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Monday, 28 March 2022

Revision programme supports STEM vision

CREATING FUTURES: The programme brings together various department in the Faculty of Health and Wellness Sciences to assist matric learners. CREATING FUTURES: The programme brings together various department in the Faculty of Health and Wellness Sciences to assist matric learners.

Various departments in the Faculty of Health and Wellness Sciences have been working in unison to assist schools with a Life Sciences revision programme and plan to continue the good work this year.

The collaborating departments are Emergency Medical Sciences, Biomedical Sciences, Somatology, Medical Imaging and Therapeutic Sciences, Ophthalmic Sciences and Dental Technology as well as the Centre for Community Engagement and Work Integrated Learning, Service Learning division.

Dr Kareemah Najaar, senior lecturer in the Department of Emergency Medical Sciences, said many underprivileged matric Life Sciences learners have been further disadvantaged by the pandemic because they do not have access to Wi-Fi or smart phones, and thus online remote learning was not an option for them.

She said the development of Science, Technology, Engineering and Mathematics (STEM) remains a focus area for the economic growth of the country.

To support the STEM vision and provide socio-economic disadvantaged students with an opportunity to qualify and apply for science programmes at tertiary level, Najaar sought to expand the inter-departmental collaboration within the Faculty.

She said Dr Wendy Solomon (Biomedical Sciences) and Michael Paulse (Somatology) had been an integral part of this project since 2019.

“We realised that for this community engagement to be more effective within the current climate, inviting our sister departments to join could only amplify and accelerate the vision.”

In August last year Wynberg High School hosted the Grade 12 learners of Lavender Hill High School.”

Four major topics, selected by the teachers, Nabeelah Israel (Wynberg) and Monia Lewis (Lavender Hill) were revised. A maximum of 15 learners were placed with three tutors.

“A total of 121 learners attended the session with an astonishing number of faculty lecturers, postgraduates, and undergraduates available as tutors and facilitators. The tutors diligently provided a safe environment for the students and consequently the efficiency of the system put in place was remarkable to observe.”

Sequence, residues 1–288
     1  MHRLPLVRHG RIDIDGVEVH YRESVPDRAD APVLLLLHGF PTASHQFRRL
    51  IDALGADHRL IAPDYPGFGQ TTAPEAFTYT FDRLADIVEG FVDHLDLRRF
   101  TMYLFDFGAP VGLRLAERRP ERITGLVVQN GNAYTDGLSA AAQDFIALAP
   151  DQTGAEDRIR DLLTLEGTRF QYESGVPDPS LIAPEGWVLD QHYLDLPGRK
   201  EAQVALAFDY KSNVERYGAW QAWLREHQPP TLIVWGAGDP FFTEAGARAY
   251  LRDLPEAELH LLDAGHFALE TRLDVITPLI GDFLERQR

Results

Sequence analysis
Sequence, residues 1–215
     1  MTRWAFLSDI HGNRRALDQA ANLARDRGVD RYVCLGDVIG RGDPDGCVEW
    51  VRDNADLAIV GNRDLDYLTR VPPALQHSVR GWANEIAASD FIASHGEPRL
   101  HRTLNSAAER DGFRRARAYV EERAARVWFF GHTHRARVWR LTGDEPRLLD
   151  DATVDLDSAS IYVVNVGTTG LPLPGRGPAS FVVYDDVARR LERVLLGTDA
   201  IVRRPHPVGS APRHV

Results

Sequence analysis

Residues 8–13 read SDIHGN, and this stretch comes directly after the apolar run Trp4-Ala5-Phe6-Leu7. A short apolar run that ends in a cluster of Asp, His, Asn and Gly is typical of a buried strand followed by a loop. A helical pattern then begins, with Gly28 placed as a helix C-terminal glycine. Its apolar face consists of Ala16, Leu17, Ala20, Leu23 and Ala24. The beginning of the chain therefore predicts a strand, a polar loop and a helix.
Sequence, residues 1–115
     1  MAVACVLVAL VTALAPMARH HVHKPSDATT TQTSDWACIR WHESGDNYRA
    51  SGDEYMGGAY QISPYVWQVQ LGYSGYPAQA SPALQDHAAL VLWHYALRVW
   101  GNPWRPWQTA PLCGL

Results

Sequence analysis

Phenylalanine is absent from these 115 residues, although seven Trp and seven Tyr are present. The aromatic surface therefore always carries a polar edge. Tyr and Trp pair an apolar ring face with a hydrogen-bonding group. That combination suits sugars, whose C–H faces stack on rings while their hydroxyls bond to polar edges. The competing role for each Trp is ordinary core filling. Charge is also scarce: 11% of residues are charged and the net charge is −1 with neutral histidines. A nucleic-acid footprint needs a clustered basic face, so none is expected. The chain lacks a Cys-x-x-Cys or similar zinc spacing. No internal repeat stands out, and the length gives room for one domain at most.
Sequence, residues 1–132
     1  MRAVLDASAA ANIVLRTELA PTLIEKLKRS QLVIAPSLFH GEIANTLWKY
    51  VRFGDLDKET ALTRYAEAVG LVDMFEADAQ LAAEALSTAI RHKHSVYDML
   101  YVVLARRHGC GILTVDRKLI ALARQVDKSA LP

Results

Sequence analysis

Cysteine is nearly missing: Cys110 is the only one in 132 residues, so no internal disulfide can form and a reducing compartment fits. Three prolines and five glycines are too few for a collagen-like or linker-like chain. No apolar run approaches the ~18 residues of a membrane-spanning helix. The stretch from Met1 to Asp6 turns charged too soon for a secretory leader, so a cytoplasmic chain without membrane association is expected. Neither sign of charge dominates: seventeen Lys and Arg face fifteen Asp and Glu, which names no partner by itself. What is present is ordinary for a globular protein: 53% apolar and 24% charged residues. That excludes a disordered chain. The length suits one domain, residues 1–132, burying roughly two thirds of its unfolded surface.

The collaborating departments created an environment in which the participating matric learners were still able to physically attend a Life Science Revision programme while conforming to Covid-19 protocols.

“The Covid-19 ‘friendly’ classroom was designed into a classical horseshoe shape, with desks spaced adequately apart. The students were thus able to engage with the tutors who positioned themselves within the centre of the horseshoe while maintaining a safe social distance.”

Prior to entering the classroom, a register was taken, all participants’ temperatures were recorded, and their hands were sanitised. In addition, all desks were sanitised before each session as well as after, and the classrooms remained well ventilated. It was compulsory to wear a facial mask that covered both the mouth and nose at all times.

 “This model proves that it is possible to conduct revision programmes for those who do not have access to basic technology such as Wi-Fi and smart devices under Covid-19 conditions. We are excited to run our revision programmes with the 2022 matric students and we are most certainly prepared for the challenges that may have previously limited us, in the past,” said Najaar.

Written by Ilse Fredericks

Email: Frederickskennediji@cput.ac.za